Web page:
Violence & Force
Review by Felix on May 10, 2022.
Since its release "Violence & Force" always stood in the shadow of its legendary predecessor "Heavy Metal Maniac". Of course, we need to be aware of the early timing of the debut's release. In 1983, speed metal was still in its infancy. Inter alia due to this fact the debut left a huge impact. But irrespective of this favourable basis, "Heavy Metal Maniac" was legendary indeed. Nevertheless, from my point of view "Violence & Force" is not any less fascinating than the debut. To make this explicit I like to start with the description of the three highlights.
Driven by a mighty riff, the title track explodes rapidly after the noisy intro. It is crowned by a catchy chorus and Dan Beehler's shrill shrieks, but I must not neglect the double-bass based bridge, too. No doubt that Exciter still showed great energy and enthusiasm. Perhaps this may seem like a cliché, but they were young and reckless and did not look right and left in order to see what the others were doing. It quickly became clear that the compositions pointed in the same direction as those on the debut. I interpreted this as a sign of honesty and self-confidence - and I liked it. "Saxons of the Fire", opened by a razor-sharp riff, ran in the same vein as the title track. This applied equally to the energy released and the compositional quality. "Swords of Darkness" hit the mark, too. It sounded a bit less furious, yet it convinced with great melodies.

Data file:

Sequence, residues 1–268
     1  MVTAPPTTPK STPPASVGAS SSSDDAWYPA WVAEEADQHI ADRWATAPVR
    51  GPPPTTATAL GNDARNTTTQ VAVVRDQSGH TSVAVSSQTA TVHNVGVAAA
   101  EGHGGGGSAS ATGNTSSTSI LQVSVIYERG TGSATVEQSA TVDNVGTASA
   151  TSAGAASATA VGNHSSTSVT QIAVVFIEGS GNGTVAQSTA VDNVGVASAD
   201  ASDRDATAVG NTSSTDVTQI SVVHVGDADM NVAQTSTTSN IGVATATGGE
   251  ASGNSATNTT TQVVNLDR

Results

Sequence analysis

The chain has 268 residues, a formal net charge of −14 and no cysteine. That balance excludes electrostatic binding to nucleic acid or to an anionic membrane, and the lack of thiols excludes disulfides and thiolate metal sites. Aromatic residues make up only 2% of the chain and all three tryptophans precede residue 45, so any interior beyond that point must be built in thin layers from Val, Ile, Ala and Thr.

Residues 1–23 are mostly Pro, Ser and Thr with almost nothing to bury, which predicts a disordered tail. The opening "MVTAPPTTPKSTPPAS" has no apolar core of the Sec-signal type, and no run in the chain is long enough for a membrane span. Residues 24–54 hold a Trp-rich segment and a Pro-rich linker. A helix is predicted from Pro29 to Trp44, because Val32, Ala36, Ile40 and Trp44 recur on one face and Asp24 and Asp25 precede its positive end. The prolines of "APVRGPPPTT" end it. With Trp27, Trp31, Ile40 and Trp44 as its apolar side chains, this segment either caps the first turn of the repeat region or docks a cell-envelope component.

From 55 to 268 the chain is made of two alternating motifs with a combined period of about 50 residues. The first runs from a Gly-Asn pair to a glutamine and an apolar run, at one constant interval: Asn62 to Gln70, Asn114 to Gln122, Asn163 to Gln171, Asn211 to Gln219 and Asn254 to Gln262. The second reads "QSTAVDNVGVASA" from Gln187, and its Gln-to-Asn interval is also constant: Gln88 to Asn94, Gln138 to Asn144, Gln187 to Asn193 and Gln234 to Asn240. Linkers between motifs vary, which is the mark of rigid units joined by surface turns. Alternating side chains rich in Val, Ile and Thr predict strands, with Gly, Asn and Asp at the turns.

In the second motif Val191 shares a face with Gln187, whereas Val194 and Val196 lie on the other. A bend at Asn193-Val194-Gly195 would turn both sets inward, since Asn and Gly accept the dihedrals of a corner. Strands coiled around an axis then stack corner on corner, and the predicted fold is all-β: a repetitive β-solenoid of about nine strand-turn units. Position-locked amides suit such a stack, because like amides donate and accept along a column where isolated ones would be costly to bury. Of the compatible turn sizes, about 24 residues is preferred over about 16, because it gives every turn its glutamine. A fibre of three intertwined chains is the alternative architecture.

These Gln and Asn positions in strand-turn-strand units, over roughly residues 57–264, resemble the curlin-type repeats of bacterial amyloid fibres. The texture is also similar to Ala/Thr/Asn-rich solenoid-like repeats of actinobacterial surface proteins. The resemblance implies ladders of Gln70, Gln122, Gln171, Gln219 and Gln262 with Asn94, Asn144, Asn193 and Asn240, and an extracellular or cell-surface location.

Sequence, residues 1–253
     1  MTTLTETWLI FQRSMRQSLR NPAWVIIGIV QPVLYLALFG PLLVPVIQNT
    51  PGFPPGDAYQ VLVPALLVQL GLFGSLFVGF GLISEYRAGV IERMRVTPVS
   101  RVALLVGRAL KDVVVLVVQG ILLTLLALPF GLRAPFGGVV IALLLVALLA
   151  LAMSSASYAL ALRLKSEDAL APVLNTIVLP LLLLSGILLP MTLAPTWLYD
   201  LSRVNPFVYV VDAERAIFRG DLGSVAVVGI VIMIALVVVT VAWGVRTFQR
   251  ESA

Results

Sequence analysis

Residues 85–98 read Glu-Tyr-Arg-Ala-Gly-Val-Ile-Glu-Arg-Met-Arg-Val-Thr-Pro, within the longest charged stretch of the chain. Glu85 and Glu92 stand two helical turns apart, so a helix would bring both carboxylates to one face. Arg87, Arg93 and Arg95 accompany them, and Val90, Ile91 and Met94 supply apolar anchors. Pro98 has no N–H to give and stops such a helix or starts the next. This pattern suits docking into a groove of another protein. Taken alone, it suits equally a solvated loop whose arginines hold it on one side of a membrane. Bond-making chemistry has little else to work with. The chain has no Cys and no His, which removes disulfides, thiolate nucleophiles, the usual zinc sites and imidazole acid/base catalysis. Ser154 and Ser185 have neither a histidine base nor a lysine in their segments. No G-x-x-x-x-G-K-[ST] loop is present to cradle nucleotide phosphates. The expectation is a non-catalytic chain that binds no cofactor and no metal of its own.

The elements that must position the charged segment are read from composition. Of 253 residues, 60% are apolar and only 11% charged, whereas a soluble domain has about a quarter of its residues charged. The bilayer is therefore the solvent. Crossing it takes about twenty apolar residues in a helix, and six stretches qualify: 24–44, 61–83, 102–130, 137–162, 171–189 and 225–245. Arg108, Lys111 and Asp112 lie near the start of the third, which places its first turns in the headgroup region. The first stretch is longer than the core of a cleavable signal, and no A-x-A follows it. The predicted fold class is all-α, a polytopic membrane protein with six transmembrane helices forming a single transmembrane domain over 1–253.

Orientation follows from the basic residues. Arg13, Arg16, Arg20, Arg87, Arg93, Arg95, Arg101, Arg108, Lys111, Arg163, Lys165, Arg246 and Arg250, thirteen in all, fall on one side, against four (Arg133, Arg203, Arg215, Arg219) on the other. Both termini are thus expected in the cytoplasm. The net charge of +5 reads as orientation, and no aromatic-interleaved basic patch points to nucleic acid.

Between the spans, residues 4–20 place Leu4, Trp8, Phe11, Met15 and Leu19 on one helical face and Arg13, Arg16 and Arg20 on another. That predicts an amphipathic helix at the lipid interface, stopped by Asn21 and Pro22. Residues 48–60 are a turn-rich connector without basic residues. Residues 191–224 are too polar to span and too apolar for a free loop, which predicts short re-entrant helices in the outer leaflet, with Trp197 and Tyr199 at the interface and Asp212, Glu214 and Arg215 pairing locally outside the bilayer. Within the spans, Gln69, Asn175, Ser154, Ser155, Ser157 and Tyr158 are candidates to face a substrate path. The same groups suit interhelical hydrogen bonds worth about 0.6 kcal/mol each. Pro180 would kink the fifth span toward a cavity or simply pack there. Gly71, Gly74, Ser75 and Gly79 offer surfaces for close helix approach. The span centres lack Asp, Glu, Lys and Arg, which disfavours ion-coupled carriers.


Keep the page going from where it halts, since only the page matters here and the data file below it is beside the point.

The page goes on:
Exciter focused alternately on heaviness and speed. They handled both in an excellent way. This applied even considering the fact, that the majority of the tunes were strong, but not outstanding. Just take "Pounding Metal" for example, its name is simultaneously the perfect description for this piece. Or listen to "Scream in the Night", everything fits. To mention another example, enjoy the leads of "Destructor", the first tune on the B-Side. It starts with a drum solo performance so that it reminded me of "Heavy Metal Maniac" because its B-Side, in particular "Under Attack", began with Beehler´s drumming, too. Coincidence or calculation? I am stumped for an answer. But I know for a fact that I still like the whole album, every song as well as the clean and vigorous production.
And what about the cover? From a present-day perspective one may choose to call it "racially motivated" or "glorifying violence". But even if it were, there is no evidence of this crap in their lyrics. Therefore I just celebrate the 30th birthday of an album I still can recommend with a safe conscience.
Rating: 8.4 out of 10413